The eruption of a magnetic filament at the sun’s northeastern limb split the sun’s atmosphere during the early hours of February 24th, creating a “canyon of fire”. The glowing walls of the canyon are formed in a process closely related to that of arcade loops, which appear after many solar flares. Stretching more than 400,000 km from end to end, the structure traces the original channel where the filament was suspended by magnetic forces above the stellar surface. (SpaceWeather)
This erupting magnetic filaments launched a coronal mass ejection (CME) into space. The Solar and Heliospheric Observatory recorded the expanding cloud. The CME does not appear to be heading for Earth or any other planet. As per the latest WSA-Enlil Solar Wind Prediction, a glancing blow CME impact will be possible late on February 26th. Click HERE to watch the latest model run.
A pair of explosions can be viewed in the latest STEREO Behind COR2 images. The latest events were the result of a filament eruption. This first blast appears to be headed north and is not Earth directed. The second event may be Earth directed in which case a glancing blow CME impact will be possible late on February 26th. Isolated minor storm periods are possible.
Sunspots 1420 and 1422 are rotating towards the western limb. New sunspot 1423 was numbered on Thursday and a small new sunspot rotated into view off the eastern limb. (SolarHam)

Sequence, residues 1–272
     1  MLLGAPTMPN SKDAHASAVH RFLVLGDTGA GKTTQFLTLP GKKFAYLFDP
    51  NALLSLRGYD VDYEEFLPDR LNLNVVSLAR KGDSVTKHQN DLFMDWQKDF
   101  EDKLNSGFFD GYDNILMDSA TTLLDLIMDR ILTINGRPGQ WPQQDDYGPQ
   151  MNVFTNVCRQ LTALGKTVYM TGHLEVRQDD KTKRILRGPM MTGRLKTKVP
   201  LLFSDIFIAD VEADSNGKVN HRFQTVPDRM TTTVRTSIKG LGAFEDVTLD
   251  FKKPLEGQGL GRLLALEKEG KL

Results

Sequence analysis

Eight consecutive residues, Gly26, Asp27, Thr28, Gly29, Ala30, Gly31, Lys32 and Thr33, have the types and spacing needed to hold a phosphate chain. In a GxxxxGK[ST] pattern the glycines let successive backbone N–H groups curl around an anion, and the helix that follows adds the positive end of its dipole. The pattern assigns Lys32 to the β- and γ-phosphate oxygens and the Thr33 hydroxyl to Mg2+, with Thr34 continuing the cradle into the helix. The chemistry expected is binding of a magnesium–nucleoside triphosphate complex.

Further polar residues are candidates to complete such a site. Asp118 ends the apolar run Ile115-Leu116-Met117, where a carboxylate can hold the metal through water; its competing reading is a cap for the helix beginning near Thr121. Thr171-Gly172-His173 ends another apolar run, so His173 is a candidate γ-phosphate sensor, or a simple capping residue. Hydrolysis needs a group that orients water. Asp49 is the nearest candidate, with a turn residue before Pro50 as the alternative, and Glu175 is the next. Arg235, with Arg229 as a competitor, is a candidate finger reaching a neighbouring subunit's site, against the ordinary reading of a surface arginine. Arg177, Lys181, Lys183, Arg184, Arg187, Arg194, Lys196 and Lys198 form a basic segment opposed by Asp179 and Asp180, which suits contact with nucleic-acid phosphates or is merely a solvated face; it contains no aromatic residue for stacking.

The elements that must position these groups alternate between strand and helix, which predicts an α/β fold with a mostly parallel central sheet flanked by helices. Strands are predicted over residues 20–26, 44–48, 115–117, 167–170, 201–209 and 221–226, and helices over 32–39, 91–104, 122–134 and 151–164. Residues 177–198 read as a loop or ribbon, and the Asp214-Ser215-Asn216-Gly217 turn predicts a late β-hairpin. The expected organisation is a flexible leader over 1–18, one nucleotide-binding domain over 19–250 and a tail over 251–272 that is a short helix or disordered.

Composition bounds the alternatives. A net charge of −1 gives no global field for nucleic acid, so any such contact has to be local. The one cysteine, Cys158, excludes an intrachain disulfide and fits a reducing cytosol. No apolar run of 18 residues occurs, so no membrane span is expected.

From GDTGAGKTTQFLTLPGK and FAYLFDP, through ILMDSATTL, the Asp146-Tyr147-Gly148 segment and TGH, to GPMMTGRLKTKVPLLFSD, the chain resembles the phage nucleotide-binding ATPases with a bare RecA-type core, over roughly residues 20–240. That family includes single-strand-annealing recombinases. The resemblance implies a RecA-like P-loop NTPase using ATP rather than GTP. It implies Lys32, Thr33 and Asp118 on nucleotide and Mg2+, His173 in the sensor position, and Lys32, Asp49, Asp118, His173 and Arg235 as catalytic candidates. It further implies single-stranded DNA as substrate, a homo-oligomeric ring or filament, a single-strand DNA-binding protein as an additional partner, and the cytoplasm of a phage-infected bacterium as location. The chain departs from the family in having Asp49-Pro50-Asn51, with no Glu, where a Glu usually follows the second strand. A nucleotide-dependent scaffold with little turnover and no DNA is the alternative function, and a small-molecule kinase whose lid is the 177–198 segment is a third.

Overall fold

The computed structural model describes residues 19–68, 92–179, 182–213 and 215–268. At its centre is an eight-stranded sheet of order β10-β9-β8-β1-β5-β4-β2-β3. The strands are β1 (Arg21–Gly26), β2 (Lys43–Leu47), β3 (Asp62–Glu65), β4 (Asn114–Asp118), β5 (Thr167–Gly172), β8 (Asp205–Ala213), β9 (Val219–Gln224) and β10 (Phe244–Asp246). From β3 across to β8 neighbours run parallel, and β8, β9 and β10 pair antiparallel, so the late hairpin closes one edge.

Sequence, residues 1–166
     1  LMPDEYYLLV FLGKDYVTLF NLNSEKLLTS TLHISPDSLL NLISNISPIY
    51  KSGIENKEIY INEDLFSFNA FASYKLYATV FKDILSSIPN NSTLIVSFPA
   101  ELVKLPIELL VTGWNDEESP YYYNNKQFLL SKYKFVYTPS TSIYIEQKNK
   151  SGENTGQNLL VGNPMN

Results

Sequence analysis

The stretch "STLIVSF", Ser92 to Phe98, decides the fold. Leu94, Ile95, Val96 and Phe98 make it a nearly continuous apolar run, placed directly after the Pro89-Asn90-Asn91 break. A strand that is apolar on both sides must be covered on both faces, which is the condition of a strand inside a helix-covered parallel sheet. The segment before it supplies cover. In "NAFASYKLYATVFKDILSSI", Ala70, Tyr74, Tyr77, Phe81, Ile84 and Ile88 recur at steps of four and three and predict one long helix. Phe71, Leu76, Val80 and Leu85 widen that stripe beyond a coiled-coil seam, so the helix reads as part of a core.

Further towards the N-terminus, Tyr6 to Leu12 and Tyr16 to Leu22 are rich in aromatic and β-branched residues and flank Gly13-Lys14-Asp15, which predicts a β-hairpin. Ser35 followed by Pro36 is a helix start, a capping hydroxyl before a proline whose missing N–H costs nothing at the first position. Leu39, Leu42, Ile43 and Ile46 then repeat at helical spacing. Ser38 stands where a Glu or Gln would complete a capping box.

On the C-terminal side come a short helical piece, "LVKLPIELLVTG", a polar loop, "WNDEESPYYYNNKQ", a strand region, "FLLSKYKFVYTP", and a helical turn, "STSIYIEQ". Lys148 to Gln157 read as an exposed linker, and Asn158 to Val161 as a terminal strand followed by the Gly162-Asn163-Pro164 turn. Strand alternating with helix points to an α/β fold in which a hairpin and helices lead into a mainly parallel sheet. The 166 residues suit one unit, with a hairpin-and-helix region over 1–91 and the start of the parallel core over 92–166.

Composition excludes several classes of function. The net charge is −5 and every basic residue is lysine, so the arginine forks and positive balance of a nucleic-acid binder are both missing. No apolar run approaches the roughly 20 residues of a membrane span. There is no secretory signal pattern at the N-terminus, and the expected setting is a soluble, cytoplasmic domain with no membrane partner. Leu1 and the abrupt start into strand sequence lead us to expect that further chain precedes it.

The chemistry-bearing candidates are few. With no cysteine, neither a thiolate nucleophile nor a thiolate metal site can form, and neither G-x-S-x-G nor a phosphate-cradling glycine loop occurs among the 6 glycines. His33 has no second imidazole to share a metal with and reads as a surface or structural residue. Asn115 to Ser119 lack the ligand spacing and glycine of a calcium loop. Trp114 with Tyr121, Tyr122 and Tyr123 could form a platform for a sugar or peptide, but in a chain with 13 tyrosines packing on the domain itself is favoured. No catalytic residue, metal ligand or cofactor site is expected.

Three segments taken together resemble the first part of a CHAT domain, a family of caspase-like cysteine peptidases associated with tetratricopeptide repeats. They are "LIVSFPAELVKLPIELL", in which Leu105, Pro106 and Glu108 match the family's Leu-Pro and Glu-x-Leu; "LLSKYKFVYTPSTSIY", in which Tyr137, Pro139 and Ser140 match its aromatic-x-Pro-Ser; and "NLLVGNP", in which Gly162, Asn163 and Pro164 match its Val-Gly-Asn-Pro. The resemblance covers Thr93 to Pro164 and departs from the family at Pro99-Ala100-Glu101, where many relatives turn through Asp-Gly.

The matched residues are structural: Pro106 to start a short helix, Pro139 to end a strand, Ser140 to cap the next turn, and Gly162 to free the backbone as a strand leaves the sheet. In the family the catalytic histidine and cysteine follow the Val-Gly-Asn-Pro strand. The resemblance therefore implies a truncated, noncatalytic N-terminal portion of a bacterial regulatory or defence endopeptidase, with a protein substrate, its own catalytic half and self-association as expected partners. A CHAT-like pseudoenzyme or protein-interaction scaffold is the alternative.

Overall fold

speed: 405.0 km/sec
density: 2.1 protons/cm3
The Radio Sun
10.7 cm flux: 103 sfu
Now: Kp= 1 quiet
24-hr max: Kp= 3 quiet
Interplanetary Mag. Field
Btotal: 5.9 nT
Bz: 5.8 nT north
Joint USAF/NOAA Report of Solar and Geophysical Activity (24 Feb 2012)
Solar activity was very low. An asymmetrical, halo CME was observed in SOHO/LASCO C2 imagery beginning at 24/0346Z. The associated event was a filament eruption centered near N32E38 which was observed in SDO/AIA 304 imagery beginning at 24/0225Z. New Region 1424 (N09E68) rotated on the East limb and was numbered. Solar activity is expected to be very low with a chance for C-class activity for the next three days (25 – 27 February).
The geomagnetic field was mostly quiet. Solar wind speeds at the ACE spacecraft ranged from approximately 400 – 460 km/s while the Bz component of the Interplanetary Magnetic Field did not vary much beyond +/- 5 nT. The geomagnetic field is expected to be mostly quiet on days 1 and 2 (25 – 26 February). A glancing blow from todays CME is expected to become geoeffective early on day 3 (27 February) causing unsettled to active periods with isolated minor storm periods possible.
If you value what we do here, create your ad-free account and support our journalism.
Producing content you read on this website takes a lot of time, effort, and hard work. If you value what we do here, select the level of your support and register your account.
Your support makes this project fully self-sustainable and keeps us independent and focused on the content we love to create and share.
All our supporters can browse the website without ads, allowing much faster speeds and a clean interface. Your comments will be instantly approved and you’ll have a direct line of communication with us from within your account dashboard. You can suggest new features and apps and you’ll be able to use them before they go live.
You can choose the level of your support.
Stay kind, vigilant and ready!